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Wednesday, August 02, 2006

Teaching and Scholarship, Part Quatre

There is presently going on over at the Empirical Legal Studies blog an on-line discussion of Ben Barton's paper on the relationship (or lack thereof if you buy Ben's conclusion) between teaching and scholarship.  Commenters are Bill Henderson and Jeffrey Stake from IU.  This has popped up in the blogosphere several times, hence Part Quatre or Cinq.

I know just enough statistics to be dangerous (see here and here), and probably haven't been around the academy long enough to earn the right to comment, but Dan gave me "full author" access, so I'm going to jump into the fray, and offer my usual array of well-chosen witticisms and observations below the fold.

UPDATE:  More on this topic from Vic Fleischer at Conglomerate  here.

1.  One of the questions is whether the data on the dependent variable, teaching quality, which is derived from student evaluations, is reliable.   This is not an unusual problem, and occurs whenever we seek to support a  hypothesis with quantitative proxies for the non-quantitative attribute.  What you end up with is a good measure of the proxies, and it's another question entirely whether the proxies have anything to do with the attribute.  (Like do the indicia of independence of directors in Sarbanes-Oxley or the NYSE listing requirements have anything to do with directors acting independently?   Are those indicia good proxies for intellectual or moral independence?)

Ben offers several reasons we should rely on the data, including a variant of the "street light" defense ("Why are you looking here for my lost ring when I dropped it across the street?"  "Because there is no light over there.")  My own reaction to personal evaluative data is based on years of looking at my own performance evaluations, other people's performance evaluations, reams and reams of so-called developmental "360 studies" on myself and others, collating hiring interview reactions, and talking to very, very good HR people about what they all mean.  I conclude the data is qualitatively but not quantitatively reliable, but only after being scrubbed.  What that means is when you analyze it, at least in the corporate setting (and that's how I approached my own student-generated teaching evaluations), you have to ignore the best and worst comments, and take single points of criticism or praise as marginally meaningful. Repeated themes (even if they are not independent) are very, very helpful for individual development, but difficult to use as bases for quantitative comparisons between people.

UPDATE:  Bill Henderson thinks the data is better market information than most corporations can gather.  See here.  That is a fair point, or at least distinguishes the more limited data in a performance review.  It's also a fact that not just presumably rational students rely on it; presumably rational appointments committee seem to as well.  Or if it's not fully rational, it's a useful heuristic.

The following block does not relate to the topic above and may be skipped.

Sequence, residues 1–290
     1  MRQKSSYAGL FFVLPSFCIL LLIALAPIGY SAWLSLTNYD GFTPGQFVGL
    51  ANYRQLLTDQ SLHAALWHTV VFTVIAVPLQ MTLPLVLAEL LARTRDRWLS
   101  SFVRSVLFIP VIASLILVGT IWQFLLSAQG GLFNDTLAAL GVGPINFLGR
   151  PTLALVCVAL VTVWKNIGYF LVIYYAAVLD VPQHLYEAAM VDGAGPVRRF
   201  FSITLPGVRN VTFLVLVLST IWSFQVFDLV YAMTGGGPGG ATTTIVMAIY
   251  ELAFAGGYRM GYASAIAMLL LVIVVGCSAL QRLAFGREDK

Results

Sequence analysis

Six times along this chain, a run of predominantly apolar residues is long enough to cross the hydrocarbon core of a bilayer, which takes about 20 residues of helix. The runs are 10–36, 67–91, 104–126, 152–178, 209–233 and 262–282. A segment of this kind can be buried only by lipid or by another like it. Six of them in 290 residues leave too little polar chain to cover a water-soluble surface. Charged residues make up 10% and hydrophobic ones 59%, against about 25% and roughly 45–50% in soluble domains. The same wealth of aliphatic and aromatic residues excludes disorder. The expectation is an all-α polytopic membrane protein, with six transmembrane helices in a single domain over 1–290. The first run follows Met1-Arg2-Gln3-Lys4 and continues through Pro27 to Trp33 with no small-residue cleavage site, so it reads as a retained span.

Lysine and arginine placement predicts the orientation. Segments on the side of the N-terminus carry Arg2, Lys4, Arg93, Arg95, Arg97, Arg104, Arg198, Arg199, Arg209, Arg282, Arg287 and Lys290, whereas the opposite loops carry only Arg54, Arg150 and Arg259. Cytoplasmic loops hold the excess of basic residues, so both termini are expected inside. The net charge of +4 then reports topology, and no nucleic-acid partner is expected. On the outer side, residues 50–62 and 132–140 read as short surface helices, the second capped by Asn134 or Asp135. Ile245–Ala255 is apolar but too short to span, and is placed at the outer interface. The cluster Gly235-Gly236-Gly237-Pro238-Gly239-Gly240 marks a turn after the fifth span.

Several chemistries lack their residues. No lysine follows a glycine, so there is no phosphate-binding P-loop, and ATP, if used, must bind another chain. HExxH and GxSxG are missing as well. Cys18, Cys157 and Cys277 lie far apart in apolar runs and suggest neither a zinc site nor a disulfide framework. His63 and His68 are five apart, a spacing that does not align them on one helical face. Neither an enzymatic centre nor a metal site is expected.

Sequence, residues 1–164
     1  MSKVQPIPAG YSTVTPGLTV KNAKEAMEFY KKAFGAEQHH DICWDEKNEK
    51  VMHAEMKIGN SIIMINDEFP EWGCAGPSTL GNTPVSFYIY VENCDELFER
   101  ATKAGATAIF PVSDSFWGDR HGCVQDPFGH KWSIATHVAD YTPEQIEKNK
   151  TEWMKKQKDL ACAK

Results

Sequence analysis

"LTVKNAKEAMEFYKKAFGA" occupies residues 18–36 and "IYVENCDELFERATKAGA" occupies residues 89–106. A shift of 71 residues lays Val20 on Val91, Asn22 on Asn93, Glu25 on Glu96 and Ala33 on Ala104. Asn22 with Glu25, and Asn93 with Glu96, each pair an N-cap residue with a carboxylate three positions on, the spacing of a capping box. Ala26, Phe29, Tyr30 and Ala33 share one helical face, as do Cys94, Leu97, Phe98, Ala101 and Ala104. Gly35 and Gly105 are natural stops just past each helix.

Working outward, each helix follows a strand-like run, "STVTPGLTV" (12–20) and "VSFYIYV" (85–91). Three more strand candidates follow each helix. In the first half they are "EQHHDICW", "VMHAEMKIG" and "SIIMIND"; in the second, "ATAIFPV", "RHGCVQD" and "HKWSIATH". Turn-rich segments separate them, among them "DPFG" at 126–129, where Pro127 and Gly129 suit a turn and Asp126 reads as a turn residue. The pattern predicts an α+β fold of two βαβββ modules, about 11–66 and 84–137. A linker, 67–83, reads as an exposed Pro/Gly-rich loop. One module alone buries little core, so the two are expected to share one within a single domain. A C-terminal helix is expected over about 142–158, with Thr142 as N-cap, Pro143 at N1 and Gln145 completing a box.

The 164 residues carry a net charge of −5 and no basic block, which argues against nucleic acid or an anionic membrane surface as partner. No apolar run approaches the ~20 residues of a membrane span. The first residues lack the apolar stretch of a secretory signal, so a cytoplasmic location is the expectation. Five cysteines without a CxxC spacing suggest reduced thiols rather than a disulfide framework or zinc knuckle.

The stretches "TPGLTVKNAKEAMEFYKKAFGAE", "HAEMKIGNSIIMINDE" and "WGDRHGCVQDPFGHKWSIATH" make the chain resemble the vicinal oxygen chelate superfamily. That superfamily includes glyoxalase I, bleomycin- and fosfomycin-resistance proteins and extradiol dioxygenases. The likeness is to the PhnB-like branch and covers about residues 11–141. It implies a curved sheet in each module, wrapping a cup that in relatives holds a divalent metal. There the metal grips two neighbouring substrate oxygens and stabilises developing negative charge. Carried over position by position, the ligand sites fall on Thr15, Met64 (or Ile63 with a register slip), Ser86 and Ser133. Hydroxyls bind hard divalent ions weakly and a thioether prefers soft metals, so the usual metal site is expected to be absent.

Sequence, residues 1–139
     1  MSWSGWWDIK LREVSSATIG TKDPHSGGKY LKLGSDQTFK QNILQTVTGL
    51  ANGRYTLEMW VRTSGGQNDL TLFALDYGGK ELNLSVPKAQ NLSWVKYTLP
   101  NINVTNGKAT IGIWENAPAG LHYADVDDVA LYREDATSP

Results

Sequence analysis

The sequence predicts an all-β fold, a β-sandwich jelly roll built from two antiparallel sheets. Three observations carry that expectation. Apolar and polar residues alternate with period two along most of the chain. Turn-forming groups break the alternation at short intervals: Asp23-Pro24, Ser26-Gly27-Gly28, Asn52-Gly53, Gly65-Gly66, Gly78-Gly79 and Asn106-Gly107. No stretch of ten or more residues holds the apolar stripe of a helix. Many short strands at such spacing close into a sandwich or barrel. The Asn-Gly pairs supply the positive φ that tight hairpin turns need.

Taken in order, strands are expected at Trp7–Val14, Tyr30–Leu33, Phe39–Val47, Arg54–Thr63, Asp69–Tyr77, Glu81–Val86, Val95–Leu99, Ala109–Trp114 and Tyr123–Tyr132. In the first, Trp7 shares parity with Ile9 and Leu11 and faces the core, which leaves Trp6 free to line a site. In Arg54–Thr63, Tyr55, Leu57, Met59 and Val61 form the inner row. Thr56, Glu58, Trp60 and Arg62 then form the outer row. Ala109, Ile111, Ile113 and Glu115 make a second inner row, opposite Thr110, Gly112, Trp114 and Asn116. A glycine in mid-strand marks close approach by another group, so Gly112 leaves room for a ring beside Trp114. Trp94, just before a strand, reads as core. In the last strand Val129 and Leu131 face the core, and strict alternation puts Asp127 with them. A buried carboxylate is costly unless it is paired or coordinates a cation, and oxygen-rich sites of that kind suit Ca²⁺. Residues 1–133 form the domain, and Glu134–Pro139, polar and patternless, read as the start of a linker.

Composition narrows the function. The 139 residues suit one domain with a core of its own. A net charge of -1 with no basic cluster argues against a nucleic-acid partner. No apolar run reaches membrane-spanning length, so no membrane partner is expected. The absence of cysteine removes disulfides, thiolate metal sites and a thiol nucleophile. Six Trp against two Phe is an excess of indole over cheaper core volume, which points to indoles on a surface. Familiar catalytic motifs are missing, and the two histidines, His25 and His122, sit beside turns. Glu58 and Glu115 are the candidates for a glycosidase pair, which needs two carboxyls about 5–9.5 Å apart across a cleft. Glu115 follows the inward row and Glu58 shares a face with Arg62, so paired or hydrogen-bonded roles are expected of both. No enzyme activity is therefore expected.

2.  If the conclusion is correct, so what?  Would a different finding change anything? Vic Fleischer over at Conglomerate made an acute observation about teaching (in this case, venture capital) that seems like CLE, and teaching that invokes some semblance of scholarship.  As a former practitioner who got into the game first as an adjunct, that was exactly the problem I faced.  I wanted to teach like a legal scholar, not like a CLE presenter.  And my impression was that students knew when they were getting a "talking head how-to" presentation.

I think the issue has a lot more to do with the evolution of legal scholarship from its trade or professional school roots to its present status within the research university.   Jeffrey Stake is onto something in suggesting there is a complex causal if not quantifiable relationship; but I suspect we'd like to believe in any event there is one.  But if there isn't, so what?  Most of our students seem to care far more about being prepared for the bar exam questions on contracts than whether contract law should be based in efficiency or the affirmation of moral promise.  But that won't stop me from teaching the latter, whether they like it or not!

3.  Here's what I'd like to see, not that I don't respect the empirical work being done.  Instead of worrying about overall whether scholarship and teaching are related (because little will change whether they are or they aren't, and both are valued), I'd like to see us thinking about how to use scholarly issues to make us better teachers, or to face down the theory/practice and doctrinal/clinical divides.   
 

Posted by Jeff Lipshaw on August 2, 2006 at 05:26 PM in Article Spotlight, Blogging, Life of Law Schools, Lipshaw, Teaching Law | Permalink

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Comments

I feel that Ben Barton has done a service to the academy. Regardless of how one interprets the data or its negative correlation, the study has and should generate discussion.

To that end I offer the following. Empirical studies do not measure talent. Some people are naturally gifted teachers or naturally gifted writers. As for having articles published in the top 20 law reviews or peer reviewed articles doesn’t topic and luck have to be factored in?

For example, it seems to me that in the period 2003 – 2006 an article, which addressed or analyzed the constitutionality of torture, or one dealing with terrorism probably stood a better chance of being published in those journals then an article on the legal regime of the Senegal River Basin or an issue involving Indian rights. Also, it appears to me that perusal of the top law reviews shows that environmental law articles have a harder time of being published in them. Hence the proliferation of environmental law journals.

Posted by: Itzchak E. Kornfeld | Sep 30, 2007 10:36:15 PM

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